Some authorities dispose of biosolids at landfills.  As part of its PFAS Strategic Roadmap, EPA is currently conducting a biosolids risks assessment for PFOA and PFOS, two of the most studied PFAS. Risk assessments are used to characterize the nature and magnitude of potential harm to human health and the environment as a result of exposure to a chemical.  EPA intends to finalize the risk assessment by December 2024. These risk assessments may result in additional testing requirements and/or restrictions for disposal or land application of biosolids.

Superfund Hazardous Substances Designation

On September 6, 2022, EPA published a Proposed Rule to designate PFOA and PFOS as “hazardous substances” under the Comprehensive Environmental Response, Compensation, and Liability Act (CERCLA, aka Superfund).  In the Proposed Rule, EPA identifies waste management and wastewater treatment facilities as potentially affected entities.  However, EPA has said it will focus its enforcement efforts on manufacturers and other entities that have released PFOA and PFOS into the environment.  To that end, EPA is also working on an enforcement discretion and settlement policy that will outline its priorities.  The final rule and accompanying policy are expected to be issued sometime this spring.  Meanwhile, EPA has also requested public input on whether to designate other types of PFAS, besides PFOA and PFOS, as CERCLA hazardous substances.  In light of the Biden administration’s commitment to addressing PFAS issues on multiple fronts, we expect EPA to finalize the Proposed Rule and take steps to develop other rules to address PFAS releases to the environment under CERCLA and other federal environmental statutes.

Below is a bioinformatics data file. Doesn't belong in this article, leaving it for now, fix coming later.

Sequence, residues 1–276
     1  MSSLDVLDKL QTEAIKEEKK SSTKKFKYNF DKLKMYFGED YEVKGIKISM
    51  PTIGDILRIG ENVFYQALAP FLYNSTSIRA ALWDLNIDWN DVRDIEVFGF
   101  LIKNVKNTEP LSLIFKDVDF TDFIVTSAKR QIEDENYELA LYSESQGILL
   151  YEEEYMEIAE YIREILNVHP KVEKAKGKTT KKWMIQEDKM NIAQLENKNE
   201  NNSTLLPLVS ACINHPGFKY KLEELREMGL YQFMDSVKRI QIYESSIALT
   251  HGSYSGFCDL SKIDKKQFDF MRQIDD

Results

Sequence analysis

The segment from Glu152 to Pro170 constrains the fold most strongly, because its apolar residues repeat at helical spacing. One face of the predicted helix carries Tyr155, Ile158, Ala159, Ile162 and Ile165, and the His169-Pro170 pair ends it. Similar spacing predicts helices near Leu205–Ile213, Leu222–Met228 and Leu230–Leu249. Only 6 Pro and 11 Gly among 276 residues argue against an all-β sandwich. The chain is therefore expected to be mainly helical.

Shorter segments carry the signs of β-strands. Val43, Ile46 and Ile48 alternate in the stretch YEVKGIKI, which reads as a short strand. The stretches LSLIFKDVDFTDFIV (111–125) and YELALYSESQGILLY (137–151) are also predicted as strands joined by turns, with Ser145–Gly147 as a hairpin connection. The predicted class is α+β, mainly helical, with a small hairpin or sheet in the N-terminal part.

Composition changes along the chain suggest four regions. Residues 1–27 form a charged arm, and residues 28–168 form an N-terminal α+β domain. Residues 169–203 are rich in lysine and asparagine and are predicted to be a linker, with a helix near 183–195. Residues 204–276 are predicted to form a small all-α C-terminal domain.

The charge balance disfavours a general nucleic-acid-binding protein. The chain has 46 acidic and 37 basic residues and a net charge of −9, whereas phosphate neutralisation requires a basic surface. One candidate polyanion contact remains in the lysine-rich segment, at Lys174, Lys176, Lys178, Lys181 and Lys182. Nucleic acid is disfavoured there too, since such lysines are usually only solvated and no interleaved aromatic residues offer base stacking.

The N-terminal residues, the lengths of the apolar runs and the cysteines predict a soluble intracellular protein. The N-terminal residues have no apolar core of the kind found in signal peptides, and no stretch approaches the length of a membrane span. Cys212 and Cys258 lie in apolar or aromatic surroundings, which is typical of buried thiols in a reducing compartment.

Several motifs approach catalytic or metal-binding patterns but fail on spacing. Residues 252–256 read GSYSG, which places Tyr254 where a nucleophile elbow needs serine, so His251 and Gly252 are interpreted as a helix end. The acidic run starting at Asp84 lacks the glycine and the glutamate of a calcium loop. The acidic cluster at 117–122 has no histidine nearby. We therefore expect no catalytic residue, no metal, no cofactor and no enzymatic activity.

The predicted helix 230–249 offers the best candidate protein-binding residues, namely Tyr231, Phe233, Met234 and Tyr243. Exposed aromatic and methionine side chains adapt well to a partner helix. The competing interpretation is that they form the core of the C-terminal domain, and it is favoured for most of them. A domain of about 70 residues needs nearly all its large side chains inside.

EPA Information Collection Request

The EPA is working to develop a study of influent to publicly owned treatment works across the nation.  The goals of the study are to identify categories of industrial users discharging PFAS; collect data on PFAS in domestic wastewater influent to treatment works; characterize PFAS from industrial users and domestic sources; collect data on adsorbable organic fluorine concentrations in wastewater; and better understand PFAS pass through in treatment works to biosolids and effluent.